The GOP chooses chaos over everything else (opinion) - CNN
Category: News & PoliticsVia: jbb • 3 weeks ago • 1 comments
By: Jane Greenway Carr (CNN)
(CNN)"What is given may be taken away at any time," writes Irish-born novelist Maggie O'Farrell in her acclaimed novel "Hamnet." Published amid the Covid-19 lockdowns last year, the book is a historical fiction of another era's pestilence, depicting the repercussions of the death of William Shakespeare and his wife's 11-year-old son from bubonic plague in 1596: "The trick is never to let down your guard. Never think you are safe."
Not comforting words, no. But their blunt acknowledgment of vigilance and fear in an unpredictable world resonates as the United States meets the mutability of a post-pandemic landscape -- one in which a rising, highly transmissible Delta variant of Covid traverses a politicized map of the vaccine-hesitant. "Even with this latest incursion" of the variant "the news still shouldn't be that bad," wrote Dr. Kent Sepkowitz. The catch, he noted, is that its "contagiousness means that everyone -- including teens, and, as soon as it is proven safe, younger children -- must get vaccinated. That includes the vaccine-hesitant." His message (with an apology to the state of New Hampshire): "America! Live free (of vaccine) and (maybe) die." This week, an analysis by Georgetown University researchers showed a handful of under-vaccinated states -- mainly stretching across the South and Midwest, including Texas -- were endangering the nation's Covid recovery. And on Thursday, Republican US Sen. Rand Paul vowed to fight the public transportation mask mandate, requiring passengers to mask on planes, as soon as the Senate is back in session next week. Ayelet Haimson Lushkov addressed an open letter to Greg Abbott, the governor of her home state of Texas, who in May moved to bar government entities -- including school districts -- from imposing mask mandates or requiring vaccinations. Lushkov implored: "Adults and even teenagers can at least choose their fate. But until a pediatric vaccine is approved for emergency use, young children and their caretakers cannot ... Governor Abbott, I didn't vote for you, and I don't agree with your politics. But as a mother of two, I ask you to help parents as we try to keep our children safe. Surely, we can all come together to agree on that." Read More In the absence of political consensus about how to extend America's tenuous new normal, wrote Julian Zelizer, it's time to accept truth ... and require vaccines. "Both political parties have made the mistake of framing vaccines within the tradition of individualism," he observed, while US history is full of examples, from polio vaccines to driver's licenses to the draft, of requiring citizens to place civic well-being first. "Collective obligations have always been part of what actually makes America great and we need to start talking about vaccines through this vital lens." More smart takes: Jill Filipovic: What was glaringly absent from NY's parade for its Covid heroesDavid M. Perry:The latest Pfizer statement has me on the edge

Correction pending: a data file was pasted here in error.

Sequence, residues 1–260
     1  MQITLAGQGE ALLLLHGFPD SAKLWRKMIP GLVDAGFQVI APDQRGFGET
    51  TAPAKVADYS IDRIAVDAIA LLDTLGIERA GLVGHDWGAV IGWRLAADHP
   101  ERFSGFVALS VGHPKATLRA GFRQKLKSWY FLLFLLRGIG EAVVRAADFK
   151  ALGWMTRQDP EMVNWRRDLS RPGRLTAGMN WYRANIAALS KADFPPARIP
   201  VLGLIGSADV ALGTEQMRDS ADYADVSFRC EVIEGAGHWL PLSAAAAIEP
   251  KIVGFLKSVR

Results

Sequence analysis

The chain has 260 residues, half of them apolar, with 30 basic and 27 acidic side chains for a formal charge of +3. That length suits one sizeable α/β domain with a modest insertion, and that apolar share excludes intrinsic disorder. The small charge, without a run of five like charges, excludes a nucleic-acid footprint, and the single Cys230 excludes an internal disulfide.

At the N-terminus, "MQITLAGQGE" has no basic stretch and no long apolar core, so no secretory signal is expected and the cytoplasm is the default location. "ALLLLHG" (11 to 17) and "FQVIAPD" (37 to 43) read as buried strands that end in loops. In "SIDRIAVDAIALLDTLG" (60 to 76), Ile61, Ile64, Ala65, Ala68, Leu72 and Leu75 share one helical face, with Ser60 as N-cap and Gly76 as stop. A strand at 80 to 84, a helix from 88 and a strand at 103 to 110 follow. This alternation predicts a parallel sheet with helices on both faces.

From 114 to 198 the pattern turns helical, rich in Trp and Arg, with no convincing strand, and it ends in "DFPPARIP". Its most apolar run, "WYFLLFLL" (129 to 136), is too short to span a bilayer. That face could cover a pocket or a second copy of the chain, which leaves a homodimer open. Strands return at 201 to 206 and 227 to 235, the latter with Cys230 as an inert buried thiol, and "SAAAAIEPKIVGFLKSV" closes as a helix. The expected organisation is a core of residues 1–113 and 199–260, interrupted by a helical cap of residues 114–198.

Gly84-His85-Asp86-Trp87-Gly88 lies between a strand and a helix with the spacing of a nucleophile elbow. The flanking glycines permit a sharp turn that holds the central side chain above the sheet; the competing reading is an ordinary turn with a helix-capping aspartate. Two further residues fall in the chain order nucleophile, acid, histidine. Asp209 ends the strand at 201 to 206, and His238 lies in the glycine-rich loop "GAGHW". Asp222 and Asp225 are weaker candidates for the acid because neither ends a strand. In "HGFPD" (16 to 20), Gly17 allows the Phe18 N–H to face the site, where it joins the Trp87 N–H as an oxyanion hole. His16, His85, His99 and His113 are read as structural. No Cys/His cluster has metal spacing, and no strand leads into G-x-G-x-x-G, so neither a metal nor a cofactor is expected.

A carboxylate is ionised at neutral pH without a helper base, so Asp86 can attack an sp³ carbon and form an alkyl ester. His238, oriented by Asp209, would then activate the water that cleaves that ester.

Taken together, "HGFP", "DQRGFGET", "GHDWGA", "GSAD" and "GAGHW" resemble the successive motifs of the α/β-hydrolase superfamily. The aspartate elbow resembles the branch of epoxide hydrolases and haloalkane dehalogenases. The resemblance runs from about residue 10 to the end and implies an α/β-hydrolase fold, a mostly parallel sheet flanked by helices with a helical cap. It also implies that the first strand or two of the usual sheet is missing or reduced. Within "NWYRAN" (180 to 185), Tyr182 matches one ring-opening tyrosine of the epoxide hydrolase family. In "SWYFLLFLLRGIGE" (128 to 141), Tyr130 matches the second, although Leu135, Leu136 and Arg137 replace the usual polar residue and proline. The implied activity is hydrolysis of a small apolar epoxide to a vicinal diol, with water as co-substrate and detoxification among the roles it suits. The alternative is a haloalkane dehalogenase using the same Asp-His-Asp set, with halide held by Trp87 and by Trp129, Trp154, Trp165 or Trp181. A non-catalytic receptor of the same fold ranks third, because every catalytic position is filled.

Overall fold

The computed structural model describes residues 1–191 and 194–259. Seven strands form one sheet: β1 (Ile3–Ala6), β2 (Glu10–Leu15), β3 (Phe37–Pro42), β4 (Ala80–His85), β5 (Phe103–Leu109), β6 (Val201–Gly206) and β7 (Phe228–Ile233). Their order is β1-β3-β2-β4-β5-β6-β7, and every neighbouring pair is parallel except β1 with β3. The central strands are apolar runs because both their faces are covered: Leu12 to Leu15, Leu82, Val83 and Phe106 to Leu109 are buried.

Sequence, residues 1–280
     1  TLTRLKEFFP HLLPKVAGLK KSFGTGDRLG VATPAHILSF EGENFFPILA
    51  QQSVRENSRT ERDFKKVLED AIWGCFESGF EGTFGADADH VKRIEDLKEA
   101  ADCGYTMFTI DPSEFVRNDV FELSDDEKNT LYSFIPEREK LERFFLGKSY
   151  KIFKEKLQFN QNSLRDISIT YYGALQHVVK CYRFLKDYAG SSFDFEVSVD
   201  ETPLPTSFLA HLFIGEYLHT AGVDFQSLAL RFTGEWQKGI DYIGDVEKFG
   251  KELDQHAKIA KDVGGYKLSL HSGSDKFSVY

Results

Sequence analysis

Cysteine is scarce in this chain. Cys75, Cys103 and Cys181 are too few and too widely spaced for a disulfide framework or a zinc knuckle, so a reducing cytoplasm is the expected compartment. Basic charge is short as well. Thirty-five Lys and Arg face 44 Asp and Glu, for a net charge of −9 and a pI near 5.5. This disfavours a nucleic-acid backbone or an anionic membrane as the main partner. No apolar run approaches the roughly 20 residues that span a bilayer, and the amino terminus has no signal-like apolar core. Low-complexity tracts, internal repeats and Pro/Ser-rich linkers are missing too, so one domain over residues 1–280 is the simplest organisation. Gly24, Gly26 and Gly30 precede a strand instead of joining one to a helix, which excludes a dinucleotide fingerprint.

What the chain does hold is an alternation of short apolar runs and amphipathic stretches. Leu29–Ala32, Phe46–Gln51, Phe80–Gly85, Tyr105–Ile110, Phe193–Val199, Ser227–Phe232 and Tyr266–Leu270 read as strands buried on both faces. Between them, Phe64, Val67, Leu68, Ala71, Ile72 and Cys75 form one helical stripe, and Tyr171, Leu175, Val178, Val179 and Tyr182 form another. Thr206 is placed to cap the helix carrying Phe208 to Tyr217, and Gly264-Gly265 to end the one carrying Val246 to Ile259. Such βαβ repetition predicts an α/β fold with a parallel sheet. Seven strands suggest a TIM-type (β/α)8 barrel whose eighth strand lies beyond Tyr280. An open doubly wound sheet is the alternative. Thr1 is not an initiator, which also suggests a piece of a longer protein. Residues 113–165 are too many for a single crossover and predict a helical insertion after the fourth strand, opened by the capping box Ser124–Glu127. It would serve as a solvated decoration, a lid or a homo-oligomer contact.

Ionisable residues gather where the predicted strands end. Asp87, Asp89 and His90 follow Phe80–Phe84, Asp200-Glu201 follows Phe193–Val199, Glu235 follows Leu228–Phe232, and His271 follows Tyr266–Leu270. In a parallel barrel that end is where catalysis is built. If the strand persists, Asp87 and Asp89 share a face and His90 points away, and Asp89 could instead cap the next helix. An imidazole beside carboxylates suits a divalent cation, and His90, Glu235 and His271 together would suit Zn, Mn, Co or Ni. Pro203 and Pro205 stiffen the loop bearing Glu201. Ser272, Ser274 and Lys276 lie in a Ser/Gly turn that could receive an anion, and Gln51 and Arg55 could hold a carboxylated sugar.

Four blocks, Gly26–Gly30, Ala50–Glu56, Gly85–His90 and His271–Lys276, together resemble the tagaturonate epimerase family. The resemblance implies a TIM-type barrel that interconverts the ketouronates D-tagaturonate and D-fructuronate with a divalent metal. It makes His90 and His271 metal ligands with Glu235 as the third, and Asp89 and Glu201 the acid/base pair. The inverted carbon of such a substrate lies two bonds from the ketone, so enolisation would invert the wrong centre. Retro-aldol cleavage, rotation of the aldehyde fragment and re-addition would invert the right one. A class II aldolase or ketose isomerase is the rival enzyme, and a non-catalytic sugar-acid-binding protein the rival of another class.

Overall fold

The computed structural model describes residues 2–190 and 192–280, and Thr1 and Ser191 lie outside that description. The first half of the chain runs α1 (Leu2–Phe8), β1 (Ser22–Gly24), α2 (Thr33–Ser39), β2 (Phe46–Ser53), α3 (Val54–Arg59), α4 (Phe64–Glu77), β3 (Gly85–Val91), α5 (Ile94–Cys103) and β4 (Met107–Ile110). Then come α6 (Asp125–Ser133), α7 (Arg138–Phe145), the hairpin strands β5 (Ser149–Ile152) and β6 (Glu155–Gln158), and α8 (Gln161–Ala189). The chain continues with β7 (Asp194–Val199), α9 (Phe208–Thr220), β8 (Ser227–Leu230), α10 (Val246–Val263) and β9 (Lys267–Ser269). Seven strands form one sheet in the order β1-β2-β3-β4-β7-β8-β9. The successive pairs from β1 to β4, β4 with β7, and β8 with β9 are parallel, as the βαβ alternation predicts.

America still has a chance to save itself
The deadly, record-breaking heat wave afflicting wide swaths of the American West continued, and in some places, intensified -- bringing deaths and the threat of wildfires. That news, along with other recent developments in the US and globally, shows the depth of America's predicament on climate disaster, contended Jeffrey Sachs. The way forward must include "oil companies paying restitution for damage that they have done to the climate and humanity for decades," he argued. Government has a role to play in America saving itself from climate-change destruction, wrote North Dakota farmer Vanessa Kummer. Sustainable farming is good for farmers' bottom lines and ensuring the land's viability for future generations. Many farmers have been adopting conservation practices that help mitigate climate change, she wrote, but need help to stay afloat. Kummer urged policymakers to consider that if farmers were given resources to, for instance, expand efficient fertilizer application, pay for feed additives to help livestock reduce methane and buy big steel tanks that capture natural gas from livestock manure, "we could turn the industry into a net-carbon sink."
Republicans choose chaos
This week marked six months since the Capitol insurrection, and in the latest episode of "Unfiltered," SE Cupp assessed that congressional Republicans turning a blind eye to the reality and meaning of that day, even now, appear to have only one objective -- complete chaos. It "isn't good governance," Cupp maintained, "It's annihilation. They are attempting to thwart the investigation of the January 6 insurrection. House Minority Leader Kevin McCarthy admitted as much. They're pushing for more pointless audits of the 2020 election. They're still chasing Trump around as he maniacally tries to cling to relevance, most recently launching a frivolous lawsuit against social media companies that banned him." Former President Donald Trump doesn't have a strong case as he seeks legal redress against companies like Google, Facebook and Twitter for deplatforming him, wrote Kara Alaimo: "Trump is clearly trying to recapture some of the attention he's lost and rally conservatives by mobilizing them against a common foe ... But the facts aren't on his side." Fred Hiatt concurred in The Washington Post, calling the suits bogus but warning that underneath his "lies and self-pity, (Trump) may have a point." Most people understand that these platforms "are private companies but also that, in today's America, if those three are silencing you, you are being excluded in a serious way from the public square. And many understandably wonder: Why should they get to make that call?" Another smart take: Michael D'Antonio: Trump and Greene invite a horrific history to repeat itself
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